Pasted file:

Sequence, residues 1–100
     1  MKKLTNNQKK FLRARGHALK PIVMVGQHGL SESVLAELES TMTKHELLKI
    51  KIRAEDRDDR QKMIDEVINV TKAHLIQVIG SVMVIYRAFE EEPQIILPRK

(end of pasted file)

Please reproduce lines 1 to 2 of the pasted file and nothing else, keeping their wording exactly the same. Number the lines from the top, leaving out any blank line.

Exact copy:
Sequence, residues 1–100
     1  MKKLTNNQKK FLRARGHALK PIVMVGQHGL SESVLAELES TMTKHELLKI